Danish architectural firm Schmidt Hammer Lassen Architects gave won an invited competition to design the Maritime Knowledge Hub, a 6,400-square-metre facility dedicated to marine engineering research and development, survival training, business incubation, workspace, and events at the heart of the Wirral Waters redevelopment project in the United Kingdom’s Liverpool City Region. The Maritime Knowledge Hub will create a place for innovation, collaboration, learning, training, and business development in the maritime sectors, and will put Liverpool and the UK on the marine and architectural industries’ global stage.

Peel Land and Property, in partnership with Liverpool John Moores University, Mersey Maritime, and Wirral Council, selected Schmidt Hammer Lassen, together with local firm Ellis Williams Architects, to design the £20 million Maritime Knowledge Hub. The firms will work with Parkinson Inc., the master planner for Wirral Waters. The Hub’s centrepiece is the historic Hydraulic Tower modelled after the Palazzo Vecchio in Florence, Italy, that now lies largely derelict, having been bombed in World War II. A second, new building, located adjacent to the tower, will comprise new office, incubation, teaching, and cultural space, and will house a tank for a state-of-the-art Offshore Survival Training Centre.

“Designing a complex that is one of the most transformative new developments in the Liverpool region called for a thoughtful architectural design that respects the heritage of the existing building, while looking towards the future,” said Morten Schmidt, Founding Partner of Schmidt Hammer Lassen. “Our design brings the Hydraulic Tower back to life while creating an architectural expression that connects new and old through beautiful courtyards, a unifying façade, and complementary building volumes.”

Drawing history into the future

The main themes that permeate Schmidt Hammer Lassen’s winning design are the integration of green space, the use of raw and recycled materials, and the blending of the existing historic elements with the new high design building.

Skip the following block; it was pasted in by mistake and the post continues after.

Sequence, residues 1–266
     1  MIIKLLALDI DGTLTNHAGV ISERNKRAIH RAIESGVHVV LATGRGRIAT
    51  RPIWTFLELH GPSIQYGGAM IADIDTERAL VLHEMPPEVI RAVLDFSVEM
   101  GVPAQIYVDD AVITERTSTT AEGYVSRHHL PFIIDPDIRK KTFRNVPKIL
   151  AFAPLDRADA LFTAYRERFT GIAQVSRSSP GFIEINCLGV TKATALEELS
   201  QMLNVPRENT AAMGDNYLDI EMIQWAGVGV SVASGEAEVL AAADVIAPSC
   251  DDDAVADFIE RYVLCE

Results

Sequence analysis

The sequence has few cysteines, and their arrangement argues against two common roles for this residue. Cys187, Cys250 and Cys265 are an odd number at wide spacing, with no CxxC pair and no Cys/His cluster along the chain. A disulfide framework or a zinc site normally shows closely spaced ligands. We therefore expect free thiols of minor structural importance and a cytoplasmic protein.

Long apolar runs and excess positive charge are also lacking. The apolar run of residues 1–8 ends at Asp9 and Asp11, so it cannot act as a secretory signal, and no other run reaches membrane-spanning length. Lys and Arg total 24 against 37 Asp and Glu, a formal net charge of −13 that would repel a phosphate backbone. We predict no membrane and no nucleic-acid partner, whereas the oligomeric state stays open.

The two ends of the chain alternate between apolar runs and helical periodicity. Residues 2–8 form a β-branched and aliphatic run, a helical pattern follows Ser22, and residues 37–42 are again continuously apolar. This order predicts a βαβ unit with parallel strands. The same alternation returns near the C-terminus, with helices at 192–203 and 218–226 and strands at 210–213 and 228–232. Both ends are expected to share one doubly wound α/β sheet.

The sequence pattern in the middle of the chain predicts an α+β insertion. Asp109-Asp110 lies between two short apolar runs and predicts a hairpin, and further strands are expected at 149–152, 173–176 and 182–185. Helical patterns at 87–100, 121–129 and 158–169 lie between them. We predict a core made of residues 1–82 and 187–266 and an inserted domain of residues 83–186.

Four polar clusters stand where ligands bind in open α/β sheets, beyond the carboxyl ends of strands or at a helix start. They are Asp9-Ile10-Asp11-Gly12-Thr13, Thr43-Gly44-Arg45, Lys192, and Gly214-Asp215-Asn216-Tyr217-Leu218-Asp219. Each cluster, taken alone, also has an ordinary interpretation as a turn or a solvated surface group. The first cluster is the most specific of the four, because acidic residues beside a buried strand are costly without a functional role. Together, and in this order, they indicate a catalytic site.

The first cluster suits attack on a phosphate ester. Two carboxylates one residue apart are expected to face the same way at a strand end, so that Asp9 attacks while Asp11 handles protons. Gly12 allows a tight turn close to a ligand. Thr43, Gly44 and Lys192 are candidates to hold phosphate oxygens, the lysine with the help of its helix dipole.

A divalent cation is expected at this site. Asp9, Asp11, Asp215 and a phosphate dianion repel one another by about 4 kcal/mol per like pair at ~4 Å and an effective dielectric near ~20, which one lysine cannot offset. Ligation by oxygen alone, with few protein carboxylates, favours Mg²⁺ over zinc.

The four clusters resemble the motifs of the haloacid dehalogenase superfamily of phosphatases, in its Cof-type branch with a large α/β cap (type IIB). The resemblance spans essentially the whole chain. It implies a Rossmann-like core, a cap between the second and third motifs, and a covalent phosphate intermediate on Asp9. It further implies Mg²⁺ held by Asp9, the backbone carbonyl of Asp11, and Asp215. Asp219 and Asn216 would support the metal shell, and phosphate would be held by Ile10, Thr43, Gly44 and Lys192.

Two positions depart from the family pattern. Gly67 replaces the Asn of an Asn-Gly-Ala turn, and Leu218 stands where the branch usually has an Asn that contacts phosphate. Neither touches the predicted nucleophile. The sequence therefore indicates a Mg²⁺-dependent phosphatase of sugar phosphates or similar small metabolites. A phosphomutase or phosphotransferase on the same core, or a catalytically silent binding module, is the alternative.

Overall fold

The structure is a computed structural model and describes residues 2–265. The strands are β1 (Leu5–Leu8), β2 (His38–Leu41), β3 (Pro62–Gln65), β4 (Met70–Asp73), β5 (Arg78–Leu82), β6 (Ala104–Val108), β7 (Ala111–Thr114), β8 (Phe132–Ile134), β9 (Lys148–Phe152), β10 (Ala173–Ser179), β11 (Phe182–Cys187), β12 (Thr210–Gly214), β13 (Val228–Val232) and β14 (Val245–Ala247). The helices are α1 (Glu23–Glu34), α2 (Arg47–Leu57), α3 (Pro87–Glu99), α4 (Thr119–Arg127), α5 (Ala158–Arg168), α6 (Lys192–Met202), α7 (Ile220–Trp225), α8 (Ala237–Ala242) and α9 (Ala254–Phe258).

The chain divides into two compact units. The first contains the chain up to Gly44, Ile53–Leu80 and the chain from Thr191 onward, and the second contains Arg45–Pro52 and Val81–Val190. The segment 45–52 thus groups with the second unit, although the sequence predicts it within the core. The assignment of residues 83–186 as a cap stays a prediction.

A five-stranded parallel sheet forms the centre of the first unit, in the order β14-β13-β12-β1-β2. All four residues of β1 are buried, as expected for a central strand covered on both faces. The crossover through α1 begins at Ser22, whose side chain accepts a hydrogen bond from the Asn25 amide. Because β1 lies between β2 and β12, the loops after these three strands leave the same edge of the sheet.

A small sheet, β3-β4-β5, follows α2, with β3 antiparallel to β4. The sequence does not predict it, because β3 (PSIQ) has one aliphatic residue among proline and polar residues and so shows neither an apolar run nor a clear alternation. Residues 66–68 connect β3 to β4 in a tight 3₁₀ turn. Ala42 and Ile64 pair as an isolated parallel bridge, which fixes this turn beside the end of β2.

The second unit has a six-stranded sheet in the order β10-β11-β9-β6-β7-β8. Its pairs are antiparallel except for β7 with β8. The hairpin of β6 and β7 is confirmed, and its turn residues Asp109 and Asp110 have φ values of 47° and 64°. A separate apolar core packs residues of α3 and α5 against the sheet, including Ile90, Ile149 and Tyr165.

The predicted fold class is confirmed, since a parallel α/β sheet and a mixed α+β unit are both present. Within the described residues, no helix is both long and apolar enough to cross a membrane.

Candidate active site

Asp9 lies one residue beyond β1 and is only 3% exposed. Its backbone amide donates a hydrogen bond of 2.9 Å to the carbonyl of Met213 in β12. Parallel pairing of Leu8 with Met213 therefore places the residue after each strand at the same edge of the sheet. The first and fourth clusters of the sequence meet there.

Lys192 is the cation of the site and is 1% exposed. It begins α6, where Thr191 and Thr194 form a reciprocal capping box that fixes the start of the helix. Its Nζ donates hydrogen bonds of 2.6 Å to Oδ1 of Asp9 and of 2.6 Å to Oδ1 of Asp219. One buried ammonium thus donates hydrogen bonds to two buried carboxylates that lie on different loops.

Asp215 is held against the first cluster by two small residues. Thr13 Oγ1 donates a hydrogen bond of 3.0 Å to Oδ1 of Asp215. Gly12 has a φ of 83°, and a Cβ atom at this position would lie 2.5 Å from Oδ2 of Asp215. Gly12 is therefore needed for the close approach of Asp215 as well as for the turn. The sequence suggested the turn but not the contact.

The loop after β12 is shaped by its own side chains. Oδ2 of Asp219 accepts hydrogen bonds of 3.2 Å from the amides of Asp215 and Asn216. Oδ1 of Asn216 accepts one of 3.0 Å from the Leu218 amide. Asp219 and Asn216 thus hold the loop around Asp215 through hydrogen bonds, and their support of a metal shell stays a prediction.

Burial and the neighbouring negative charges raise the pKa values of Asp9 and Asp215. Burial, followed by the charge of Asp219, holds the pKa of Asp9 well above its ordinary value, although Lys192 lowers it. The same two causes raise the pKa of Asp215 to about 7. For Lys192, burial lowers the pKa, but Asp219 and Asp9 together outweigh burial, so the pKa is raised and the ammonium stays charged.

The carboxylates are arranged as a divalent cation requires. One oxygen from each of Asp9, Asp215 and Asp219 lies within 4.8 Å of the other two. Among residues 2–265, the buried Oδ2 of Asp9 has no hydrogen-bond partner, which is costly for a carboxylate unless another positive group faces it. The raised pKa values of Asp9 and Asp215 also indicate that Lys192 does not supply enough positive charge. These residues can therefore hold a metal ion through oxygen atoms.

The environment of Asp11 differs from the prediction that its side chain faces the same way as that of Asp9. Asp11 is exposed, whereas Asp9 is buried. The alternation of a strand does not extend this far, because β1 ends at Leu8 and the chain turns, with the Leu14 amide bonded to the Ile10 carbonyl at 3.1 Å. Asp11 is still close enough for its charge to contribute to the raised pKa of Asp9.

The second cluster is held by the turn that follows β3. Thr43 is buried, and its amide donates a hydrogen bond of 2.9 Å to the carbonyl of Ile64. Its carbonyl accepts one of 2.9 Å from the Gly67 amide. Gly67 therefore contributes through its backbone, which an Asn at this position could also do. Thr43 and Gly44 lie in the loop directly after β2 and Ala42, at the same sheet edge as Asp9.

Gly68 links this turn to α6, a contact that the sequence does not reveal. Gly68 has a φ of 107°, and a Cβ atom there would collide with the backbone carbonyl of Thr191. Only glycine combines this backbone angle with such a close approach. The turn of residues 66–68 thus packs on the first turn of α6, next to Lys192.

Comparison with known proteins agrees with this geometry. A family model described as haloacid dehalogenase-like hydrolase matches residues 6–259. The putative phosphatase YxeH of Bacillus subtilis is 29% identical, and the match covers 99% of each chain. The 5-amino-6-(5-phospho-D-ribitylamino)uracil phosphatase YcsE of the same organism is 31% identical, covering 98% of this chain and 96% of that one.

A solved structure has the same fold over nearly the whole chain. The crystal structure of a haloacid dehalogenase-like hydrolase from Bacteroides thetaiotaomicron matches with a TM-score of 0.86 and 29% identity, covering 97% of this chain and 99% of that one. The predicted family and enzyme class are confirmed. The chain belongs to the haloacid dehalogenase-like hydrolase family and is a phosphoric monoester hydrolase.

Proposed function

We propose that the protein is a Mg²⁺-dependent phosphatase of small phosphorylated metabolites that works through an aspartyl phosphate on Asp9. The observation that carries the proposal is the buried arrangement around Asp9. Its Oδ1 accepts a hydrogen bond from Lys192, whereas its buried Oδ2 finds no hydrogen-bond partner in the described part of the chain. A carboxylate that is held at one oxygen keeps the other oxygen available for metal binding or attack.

The 19th century Hydraulic Tower will retain as much of its original character as possible and will house the Maritime Industries Centre’s work and meeting spaces, three pools including a HydroLab, a café and visitors’ portal, and an observatory that will provide views over Wirral Waters and the greater Liverpool area. The new building will accommodate the bulk of the Marine Technology Centre, the Offshore Survival Training Centre, and the Marine Simulation and Training Centre, and will drive research and innovation by bringing education, employers and businesses together.

A wall of reused bricks visually linking past and future will surround the two buildings that make up the Maritime Knowledge Hub, and will provide shelter for staff and visitors against the exposed conditions caused by the River Mersey’s open waters and high winds. The wall will also create intimate outdoor spaces including three pocket gardens and an existing central courtyard that will be reimagined with thoughtful new details. The integration of green spaces will extend to roof terraces that can be used for meetings and events.

The composition of the old Hydraulic Tower is diverse in shape and richly ornamented. The new additions, which will appear as a series of glowing boxes at night, strive to achieve the opposite effect, serving as a subtle, simple contrast to the Liverpool landmark. The interiors of the buildings will feature open ceilings with visible trays and pipes and will consist of raw materials such as steel and concrete, serving the simple, low maintenance needs of offshore buildings.

Schmidt Hammer Lassen’s portfolio of projects in the UK include the University of Bristol Library that will be a landmark project for the university’s revitalization of its Clifton Campus; the University of Aberdeen Library, a timeless, 10-storey rectangular volume on the Aberdeen skyline; and the City of Westminster College London, a 24,000-square-metre flagship campus and winner of the prestigious 2011 RIBA Award.